The overall take-home message is whether white or chocolate milk, the best choice is skim. If you are a whole (regular) milk drinker, move yourself toward 2 percent milk, then 1 percent, and eventually skim. This gradual transition will make switching to skim fairly easy over the course of a month or two. A “fun fact” to know about regular whole milk is that this type of milk is typically 3.25 percent fat, not 100 percent, so switching to 2 percent milk is only a reduction of 1.25 percent, it is not a change from 100 percent to 2 percent. Knowing this may make this change that much easier.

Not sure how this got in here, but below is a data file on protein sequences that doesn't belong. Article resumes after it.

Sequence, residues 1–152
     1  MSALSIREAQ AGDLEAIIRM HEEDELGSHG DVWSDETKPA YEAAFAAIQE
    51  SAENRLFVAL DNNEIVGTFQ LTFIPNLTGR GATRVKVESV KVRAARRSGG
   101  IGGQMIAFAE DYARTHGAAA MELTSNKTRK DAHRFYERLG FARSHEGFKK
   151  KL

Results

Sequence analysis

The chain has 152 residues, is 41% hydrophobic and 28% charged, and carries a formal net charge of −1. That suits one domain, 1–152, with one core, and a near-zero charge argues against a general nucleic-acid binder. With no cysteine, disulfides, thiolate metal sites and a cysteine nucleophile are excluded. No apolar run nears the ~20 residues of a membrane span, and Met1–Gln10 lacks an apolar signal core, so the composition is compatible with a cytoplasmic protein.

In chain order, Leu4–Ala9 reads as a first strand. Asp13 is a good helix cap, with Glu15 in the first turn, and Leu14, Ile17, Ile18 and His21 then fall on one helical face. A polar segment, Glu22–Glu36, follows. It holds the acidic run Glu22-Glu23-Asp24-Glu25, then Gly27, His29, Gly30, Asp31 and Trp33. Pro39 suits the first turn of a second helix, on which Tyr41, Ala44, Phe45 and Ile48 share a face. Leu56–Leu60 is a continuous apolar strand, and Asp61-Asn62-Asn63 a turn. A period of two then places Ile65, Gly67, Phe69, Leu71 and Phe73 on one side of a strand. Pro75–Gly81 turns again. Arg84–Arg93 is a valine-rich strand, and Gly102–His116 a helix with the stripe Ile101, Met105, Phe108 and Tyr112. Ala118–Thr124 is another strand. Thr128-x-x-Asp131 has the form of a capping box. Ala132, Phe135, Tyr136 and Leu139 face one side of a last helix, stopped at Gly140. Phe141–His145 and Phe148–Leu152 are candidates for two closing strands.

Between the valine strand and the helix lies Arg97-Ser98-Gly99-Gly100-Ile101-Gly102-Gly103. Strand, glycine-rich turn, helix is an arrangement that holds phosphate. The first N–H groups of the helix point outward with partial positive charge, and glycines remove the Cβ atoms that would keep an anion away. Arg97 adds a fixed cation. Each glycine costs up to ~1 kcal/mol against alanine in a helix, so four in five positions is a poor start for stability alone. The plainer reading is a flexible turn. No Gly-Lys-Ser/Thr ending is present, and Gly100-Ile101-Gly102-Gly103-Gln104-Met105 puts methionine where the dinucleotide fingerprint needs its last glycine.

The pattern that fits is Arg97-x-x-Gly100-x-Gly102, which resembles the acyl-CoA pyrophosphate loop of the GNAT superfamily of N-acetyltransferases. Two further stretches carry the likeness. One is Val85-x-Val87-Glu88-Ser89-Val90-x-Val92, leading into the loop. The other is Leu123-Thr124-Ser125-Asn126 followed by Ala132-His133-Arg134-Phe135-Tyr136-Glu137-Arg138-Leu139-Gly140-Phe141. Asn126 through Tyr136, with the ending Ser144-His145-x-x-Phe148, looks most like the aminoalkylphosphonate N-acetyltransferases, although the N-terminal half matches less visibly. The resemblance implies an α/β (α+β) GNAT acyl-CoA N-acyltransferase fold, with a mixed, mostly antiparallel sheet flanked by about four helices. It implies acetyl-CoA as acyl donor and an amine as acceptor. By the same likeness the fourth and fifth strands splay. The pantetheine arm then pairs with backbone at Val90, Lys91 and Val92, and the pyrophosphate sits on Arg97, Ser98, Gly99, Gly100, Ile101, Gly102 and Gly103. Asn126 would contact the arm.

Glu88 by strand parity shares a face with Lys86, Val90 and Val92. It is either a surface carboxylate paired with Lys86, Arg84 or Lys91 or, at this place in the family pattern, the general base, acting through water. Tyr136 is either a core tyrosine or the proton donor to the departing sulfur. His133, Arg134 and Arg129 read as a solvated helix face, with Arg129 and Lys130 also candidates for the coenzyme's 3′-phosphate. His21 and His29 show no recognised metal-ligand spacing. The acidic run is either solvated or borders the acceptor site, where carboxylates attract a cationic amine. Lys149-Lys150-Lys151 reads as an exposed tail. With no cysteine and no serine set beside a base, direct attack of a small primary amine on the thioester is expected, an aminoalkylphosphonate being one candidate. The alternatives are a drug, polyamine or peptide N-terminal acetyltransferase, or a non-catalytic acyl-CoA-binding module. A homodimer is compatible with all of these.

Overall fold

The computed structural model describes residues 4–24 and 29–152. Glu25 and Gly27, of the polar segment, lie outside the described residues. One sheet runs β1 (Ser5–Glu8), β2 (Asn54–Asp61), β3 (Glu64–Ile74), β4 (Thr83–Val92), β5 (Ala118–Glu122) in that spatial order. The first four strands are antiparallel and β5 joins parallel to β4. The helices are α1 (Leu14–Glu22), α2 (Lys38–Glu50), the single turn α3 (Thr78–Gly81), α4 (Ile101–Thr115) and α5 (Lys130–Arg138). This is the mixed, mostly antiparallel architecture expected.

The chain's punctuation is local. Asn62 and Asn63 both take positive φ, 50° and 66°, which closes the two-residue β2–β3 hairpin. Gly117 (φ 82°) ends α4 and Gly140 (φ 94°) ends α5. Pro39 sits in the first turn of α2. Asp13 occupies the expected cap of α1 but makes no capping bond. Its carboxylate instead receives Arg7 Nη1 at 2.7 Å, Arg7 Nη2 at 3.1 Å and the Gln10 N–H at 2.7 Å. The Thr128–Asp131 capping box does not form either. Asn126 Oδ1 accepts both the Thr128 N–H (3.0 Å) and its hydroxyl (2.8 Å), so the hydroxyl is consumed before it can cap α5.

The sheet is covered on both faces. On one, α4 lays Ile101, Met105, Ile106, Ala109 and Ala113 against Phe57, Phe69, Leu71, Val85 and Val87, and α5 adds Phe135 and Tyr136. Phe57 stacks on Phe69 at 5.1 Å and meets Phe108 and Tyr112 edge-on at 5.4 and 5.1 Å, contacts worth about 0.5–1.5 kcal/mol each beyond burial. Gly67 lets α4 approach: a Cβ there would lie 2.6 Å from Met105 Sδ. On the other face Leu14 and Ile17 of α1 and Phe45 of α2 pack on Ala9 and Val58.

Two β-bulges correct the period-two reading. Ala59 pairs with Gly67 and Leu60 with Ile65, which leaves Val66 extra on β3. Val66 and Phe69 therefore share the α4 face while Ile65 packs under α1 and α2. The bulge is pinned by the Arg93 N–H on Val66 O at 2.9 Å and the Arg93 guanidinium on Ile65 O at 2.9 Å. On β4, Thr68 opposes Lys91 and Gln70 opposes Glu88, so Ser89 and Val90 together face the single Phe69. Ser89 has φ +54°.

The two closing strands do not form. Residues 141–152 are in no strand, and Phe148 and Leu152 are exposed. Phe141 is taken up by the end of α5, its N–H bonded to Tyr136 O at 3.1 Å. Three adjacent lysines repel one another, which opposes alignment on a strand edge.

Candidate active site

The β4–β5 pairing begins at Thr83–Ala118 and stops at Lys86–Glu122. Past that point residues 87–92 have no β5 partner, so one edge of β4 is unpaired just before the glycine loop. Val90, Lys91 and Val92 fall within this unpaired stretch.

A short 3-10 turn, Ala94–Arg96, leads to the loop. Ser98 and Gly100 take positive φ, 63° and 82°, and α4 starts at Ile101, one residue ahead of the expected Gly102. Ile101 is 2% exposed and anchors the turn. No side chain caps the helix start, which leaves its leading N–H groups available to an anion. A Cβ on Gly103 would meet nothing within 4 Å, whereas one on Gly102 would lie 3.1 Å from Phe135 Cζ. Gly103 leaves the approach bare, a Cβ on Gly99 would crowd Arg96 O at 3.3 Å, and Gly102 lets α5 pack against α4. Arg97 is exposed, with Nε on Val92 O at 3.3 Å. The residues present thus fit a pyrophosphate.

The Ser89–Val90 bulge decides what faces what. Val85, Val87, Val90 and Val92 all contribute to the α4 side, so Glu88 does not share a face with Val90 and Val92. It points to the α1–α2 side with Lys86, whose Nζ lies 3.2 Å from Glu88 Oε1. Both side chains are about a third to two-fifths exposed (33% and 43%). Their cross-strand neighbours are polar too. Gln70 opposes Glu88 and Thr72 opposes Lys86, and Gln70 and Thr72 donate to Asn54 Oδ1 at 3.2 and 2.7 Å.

While milk is a good source of calcium and vitamin D, which are involved in bone formation and metabolism, these nutrients also are associated with improving weight loss among some individuals as well as reducing the possible risks for certain forms of cancer.
3) Nutrients Come from Foods, not Pills
Nutrition, seldom if ever, comes in the form of a pill. As individuals’ lives become busier and more hectic, it is easy to fall into the trap of popping pills or supplements instead of eating a varied and balanced diet. Many individuals opt to take a multivitamin as a form of ‘nutritional insurance.” We often confuse ingestion with absorption. Not everything we eat gets absorbed. This can be very true for certain supplements that come in pill or other forms. Do not rely on multivitamins or multiminerals to supply you all the essential nutrients that you need on a daily basis.